Numerous experts including retired Navy Vice Admiral Lee Gunn, economist Joseph Stiglitz, and climate scientist Eric Rignot have also filed amicus briefs supporting the injunction against new federal fossil fuel development.

In response, the federal government argued this week that the injunction maneuver is a ploy to bypass proper legal proceedings. “Indeed, Plaintiffs by their present motion are essentially making a bid in this Court for a substitute mini-trial or ‘trial lite’ — which is premature until the pure issues of law now being briefed in this interlocutory appeal are appropriately resolved as a threshold matter,” wrote attorneys for the US Department of Justice. They described the injunction request as an “ambitious attempt to throttle important government functions superintending broad swaths of the national economy.”

The government also noted that the Juliana lawsuit was filed more than three years ago but the plaintiffs hadn’t asked to block fossil fuel leasing until now, which undermines the plaintiffs’ argument that without immediate action, they would suffer irreparable harm.

However, Gregory noted that the government didn’t object to any of the evidence presented in the plaintiff’s injunction request, nor did it present any new evidence for its request to deny the request. “Because there is no contrary evidence, then we are very optimistic that this injunction will go through,” Gregory said.

The Juliana v. United States is just one of more than a dozen climate change lawsuits underway in the US right now. Besides suing the government, several counties and cities are seeking damages from coal, oil, and gas companies for contributing to climate change, which in turn is posing a public nuisance to these jurisdictions.

Legal experts say that these lawsuits are long shots and they’re testing the limits of what existing jurisprudence covers. But if they succeed, they could set critical precedents, lead to billion-dollar payouts, and radically reshape the effort to limit global warming.

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+8 # Wise woman 2019-02-23 17:34
When people's very lives are on the line, the energy to keep striving is very strong. These kids have no future the way things stand now. Those of us who are older and figure they won't be around are doing a major disservice to these young people. Who's to say that one of the side effects of climate change won't be longevity. Then the old folks of today will have to face the music. Better they should get off the couch and check out what they can do now if nothing more than to give their grandkids a break. They didn't ask for this manmade disaster!!!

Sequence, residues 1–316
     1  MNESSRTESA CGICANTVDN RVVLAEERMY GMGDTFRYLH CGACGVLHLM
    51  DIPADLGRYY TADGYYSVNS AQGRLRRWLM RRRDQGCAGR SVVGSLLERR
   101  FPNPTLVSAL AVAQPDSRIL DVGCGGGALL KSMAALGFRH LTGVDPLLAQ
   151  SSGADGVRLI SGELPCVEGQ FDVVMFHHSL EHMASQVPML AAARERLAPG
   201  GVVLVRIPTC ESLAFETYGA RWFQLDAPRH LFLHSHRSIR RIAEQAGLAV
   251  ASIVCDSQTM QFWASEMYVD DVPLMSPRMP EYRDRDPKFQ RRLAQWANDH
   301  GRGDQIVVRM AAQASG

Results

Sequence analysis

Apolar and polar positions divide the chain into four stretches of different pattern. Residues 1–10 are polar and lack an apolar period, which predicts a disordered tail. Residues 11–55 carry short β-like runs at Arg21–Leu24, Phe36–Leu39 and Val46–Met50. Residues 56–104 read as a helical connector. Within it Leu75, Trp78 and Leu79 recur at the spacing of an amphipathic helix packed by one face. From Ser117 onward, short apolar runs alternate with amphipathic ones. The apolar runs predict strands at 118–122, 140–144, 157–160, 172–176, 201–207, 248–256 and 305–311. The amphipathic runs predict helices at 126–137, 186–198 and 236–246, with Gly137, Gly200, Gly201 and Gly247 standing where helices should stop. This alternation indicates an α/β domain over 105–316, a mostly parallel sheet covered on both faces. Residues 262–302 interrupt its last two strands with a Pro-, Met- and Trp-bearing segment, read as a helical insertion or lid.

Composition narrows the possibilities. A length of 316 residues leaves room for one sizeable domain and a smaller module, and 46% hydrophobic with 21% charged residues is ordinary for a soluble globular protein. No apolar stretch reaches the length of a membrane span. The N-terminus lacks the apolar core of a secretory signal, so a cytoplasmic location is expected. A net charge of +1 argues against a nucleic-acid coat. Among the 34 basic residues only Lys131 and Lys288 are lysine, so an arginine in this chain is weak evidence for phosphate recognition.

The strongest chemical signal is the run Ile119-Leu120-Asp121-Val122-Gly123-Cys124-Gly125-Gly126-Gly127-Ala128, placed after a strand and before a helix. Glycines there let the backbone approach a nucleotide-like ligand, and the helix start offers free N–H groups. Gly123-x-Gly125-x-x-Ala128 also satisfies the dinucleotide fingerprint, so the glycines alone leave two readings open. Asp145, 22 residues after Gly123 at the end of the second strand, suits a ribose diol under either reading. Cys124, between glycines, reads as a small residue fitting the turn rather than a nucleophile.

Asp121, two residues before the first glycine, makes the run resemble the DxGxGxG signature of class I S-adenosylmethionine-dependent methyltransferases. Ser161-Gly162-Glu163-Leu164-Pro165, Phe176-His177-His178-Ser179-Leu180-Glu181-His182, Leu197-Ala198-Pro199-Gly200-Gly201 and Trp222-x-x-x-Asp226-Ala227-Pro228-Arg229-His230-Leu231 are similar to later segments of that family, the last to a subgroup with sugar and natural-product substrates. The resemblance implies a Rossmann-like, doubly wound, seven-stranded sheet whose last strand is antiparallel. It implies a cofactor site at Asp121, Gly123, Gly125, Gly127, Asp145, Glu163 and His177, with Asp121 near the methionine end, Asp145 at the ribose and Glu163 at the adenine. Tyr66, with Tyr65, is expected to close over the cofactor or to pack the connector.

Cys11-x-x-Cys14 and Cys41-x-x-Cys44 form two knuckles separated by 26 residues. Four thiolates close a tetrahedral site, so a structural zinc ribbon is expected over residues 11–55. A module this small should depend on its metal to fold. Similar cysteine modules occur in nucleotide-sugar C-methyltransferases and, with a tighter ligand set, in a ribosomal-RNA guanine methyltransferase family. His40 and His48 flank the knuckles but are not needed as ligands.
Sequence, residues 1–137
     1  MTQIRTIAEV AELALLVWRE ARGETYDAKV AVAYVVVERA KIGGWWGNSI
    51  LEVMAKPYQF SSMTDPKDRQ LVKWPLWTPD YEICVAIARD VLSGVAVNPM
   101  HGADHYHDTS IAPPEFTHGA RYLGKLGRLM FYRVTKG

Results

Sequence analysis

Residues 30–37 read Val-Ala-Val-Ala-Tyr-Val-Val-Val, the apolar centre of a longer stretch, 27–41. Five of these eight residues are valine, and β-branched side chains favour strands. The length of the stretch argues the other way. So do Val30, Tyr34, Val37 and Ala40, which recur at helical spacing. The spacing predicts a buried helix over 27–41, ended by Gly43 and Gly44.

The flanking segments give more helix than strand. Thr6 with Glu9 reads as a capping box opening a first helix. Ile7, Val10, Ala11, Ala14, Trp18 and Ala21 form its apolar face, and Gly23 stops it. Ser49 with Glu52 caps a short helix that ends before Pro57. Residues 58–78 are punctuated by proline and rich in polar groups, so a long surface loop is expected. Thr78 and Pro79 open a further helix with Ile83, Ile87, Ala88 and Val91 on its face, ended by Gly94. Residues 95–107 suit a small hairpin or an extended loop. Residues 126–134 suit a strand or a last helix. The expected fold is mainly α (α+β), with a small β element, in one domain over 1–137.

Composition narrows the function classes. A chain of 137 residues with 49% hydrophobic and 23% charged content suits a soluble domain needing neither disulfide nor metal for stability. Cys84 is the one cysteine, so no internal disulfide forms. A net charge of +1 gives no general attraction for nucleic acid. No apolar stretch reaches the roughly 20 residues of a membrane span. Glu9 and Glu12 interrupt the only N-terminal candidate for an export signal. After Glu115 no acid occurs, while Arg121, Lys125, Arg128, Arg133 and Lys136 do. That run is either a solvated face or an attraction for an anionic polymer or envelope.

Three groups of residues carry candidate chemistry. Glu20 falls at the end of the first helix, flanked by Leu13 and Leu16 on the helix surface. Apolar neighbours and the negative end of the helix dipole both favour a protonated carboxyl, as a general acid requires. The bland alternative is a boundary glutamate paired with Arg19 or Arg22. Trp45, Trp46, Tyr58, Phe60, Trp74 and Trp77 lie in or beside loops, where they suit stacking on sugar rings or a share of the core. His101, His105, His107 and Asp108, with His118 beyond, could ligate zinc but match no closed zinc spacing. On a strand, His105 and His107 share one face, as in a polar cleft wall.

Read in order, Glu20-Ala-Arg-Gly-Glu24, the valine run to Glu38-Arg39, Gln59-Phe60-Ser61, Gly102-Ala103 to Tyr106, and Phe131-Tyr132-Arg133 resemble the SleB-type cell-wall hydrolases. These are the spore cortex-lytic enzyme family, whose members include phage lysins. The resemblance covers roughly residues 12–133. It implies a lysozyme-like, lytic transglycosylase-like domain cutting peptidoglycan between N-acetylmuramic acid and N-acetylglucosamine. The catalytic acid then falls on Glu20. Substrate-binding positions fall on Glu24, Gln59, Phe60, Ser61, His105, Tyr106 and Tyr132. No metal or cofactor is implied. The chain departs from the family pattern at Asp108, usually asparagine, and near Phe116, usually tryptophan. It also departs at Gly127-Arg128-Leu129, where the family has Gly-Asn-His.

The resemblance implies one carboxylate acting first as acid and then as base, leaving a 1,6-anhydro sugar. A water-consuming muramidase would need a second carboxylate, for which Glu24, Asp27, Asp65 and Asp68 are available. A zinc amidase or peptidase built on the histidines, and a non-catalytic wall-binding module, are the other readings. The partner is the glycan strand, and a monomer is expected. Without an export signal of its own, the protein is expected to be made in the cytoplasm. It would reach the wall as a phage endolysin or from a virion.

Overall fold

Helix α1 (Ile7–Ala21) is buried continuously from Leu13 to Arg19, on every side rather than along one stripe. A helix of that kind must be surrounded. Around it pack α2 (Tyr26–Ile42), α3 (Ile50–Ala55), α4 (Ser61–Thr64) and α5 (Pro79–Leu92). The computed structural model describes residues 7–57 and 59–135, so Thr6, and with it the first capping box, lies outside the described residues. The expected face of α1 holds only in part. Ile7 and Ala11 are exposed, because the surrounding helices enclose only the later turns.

+3 # DongiC 2019-02-23 23:08
America should:

(1). Take immediate steps to shut down the entire coal and fuel oil
industries. We must move faster against global warming.

(2). Begin immediate preparations to develop new sources of renew-
able energies. Such as wind, solar, thermal and hydroelectric.
Also, we should develop better storage devices like batteries.

(3). Since the right wing gun nuts will be enraged anyway, we should
ban all assault rifles and place severe restrictions on the sale and
manufacture of any unusual firearms like enlarged magazines or
any device that will automate a weapon (rifle, pistol).
 
 
+4 # pushingforpeace 2019-02-24 03:37
Vote only for candidates who support the Green New Deal.
 
 
0 # pushingforpeace 2019-02-25 09:40
We need the Green New Deal. We needed it decades ago!!! Opposed any politician who tries to slow that down and support those who represent it.